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Failed to get the use of "what" here: in terms of some model what I am going to describe...

 
 
Reply Tue 14 Jul, 2015 03:27 am
If the author said " in terms of some model that I am going to describe", it is easy to understand.
Do you think "what" is better than "that" here? Or "what" conveys a meaning different to that of "that"?

Context:

The difficulty really is psychological and exists in the perpetual torment that results from your saying to yourself, "But how can it be like that?" which is a reflection of uncontrolled but utterly vain desire to see it in terms of something familiar. I will not describe it in terms of an analogy with something familiar; I will simply describe it. There was a time when the newspapers said that only twelve men understood the theory of relativity. I do not believe there ever was such a time. There might have been a time when only one man did, because he was the only guy who caught on, before he wrote his paper. But after people read the paper a lot of people understood the theory of relativity in some way or other, certainly more than twelve. On the other hand, I think I can safely say that nobody understands quantum mechanics. So do not take the lecture too seriously, feeling that you really have to understand in terms of some model what I am going to describe, but just relax and enjoy it. I am going to tell you what nature behaves like. If you will simply admit that maybe she does behave like this, you will find her a delightful, entrancing thing. Do not keep saying to yourself, if you can possible avoid it, "But how can it be like that?" because you will get 'down the drain', into a blind alley from which nobody has escaped. Nobody knows how it can be like that.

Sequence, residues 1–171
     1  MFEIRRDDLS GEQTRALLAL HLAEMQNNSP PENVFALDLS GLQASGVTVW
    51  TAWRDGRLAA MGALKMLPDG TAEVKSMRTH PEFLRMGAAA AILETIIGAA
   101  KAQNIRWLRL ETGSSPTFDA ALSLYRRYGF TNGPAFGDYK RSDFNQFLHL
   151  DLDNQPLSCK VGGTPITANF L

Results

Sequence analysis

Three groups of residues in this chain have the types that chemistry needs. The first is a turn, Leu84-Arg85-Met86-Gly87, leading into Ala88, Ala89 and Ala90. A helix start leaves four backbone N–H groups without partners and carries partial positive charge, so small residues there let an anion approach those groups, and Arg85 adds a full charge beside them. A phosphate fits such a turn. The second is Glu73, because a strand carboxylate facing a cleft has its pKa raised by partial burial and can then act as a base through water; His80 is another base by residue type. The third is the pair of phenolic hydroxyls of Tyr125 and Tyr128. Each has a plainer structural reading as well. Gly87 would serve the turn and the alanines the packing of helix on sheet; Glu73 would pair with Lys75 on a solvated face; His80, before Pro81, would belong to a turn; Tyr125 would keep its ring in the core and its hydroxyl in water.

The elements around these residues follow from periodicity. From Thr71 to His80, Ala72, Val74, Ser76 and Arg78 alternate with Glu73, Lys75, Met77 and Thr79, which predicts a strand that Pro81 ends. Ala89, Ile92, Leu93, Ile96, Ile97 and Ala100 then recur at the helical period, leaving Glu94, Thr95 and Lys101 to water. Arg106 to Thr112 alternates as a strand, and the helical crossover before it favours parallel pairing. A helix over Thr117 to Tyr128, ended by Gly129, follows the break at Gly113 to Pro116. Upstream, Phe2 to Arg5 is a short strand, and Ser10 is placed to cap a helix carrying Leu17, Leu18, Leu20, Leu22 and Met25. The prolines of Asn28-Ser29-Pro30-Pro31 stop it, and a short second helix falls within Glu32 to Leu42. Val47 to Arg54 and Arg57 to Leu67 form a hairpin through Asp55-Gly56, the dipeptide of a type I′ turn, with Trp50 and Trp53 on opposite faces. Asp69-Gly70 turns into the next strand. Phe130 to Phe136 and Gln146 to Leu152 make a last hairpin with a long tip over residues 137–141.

Richard P. Feynman, The Messenger Lectures, 1964, MIT

More:
http://bouman.chem.georgetown.edu/general/feynman.html
 
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InfraBlue
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Reply Tue 14 Jul, 2015 09:26 am
@oristarA,
He's not saying that he's going to describe a model, "some model that I am going to describe." He's saying that one feels that one has to understand what he's going to describe, in terms of some model. Maybey setting "in terms of some model" within dashes would help to clarify it's meaning.

"So do not take the lecture too seriously, feeling that you really have to understand--in terms of some model--what I am going to describe, but just relax and enjoy it."
oristarA
 
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Reply Tue 14 Jul, 2015 09:52 am
@InfraBlue,
Cool. I should have been more careful in reading.
Thanks.
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McTag
 
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Reply Tue 14 Jul, 2015 11:10 am
@oristarA,

Quote:
because you will get 'down the drain', into a blind alley...


Nobody can mix a metaphor like an academic in full flow. Smile
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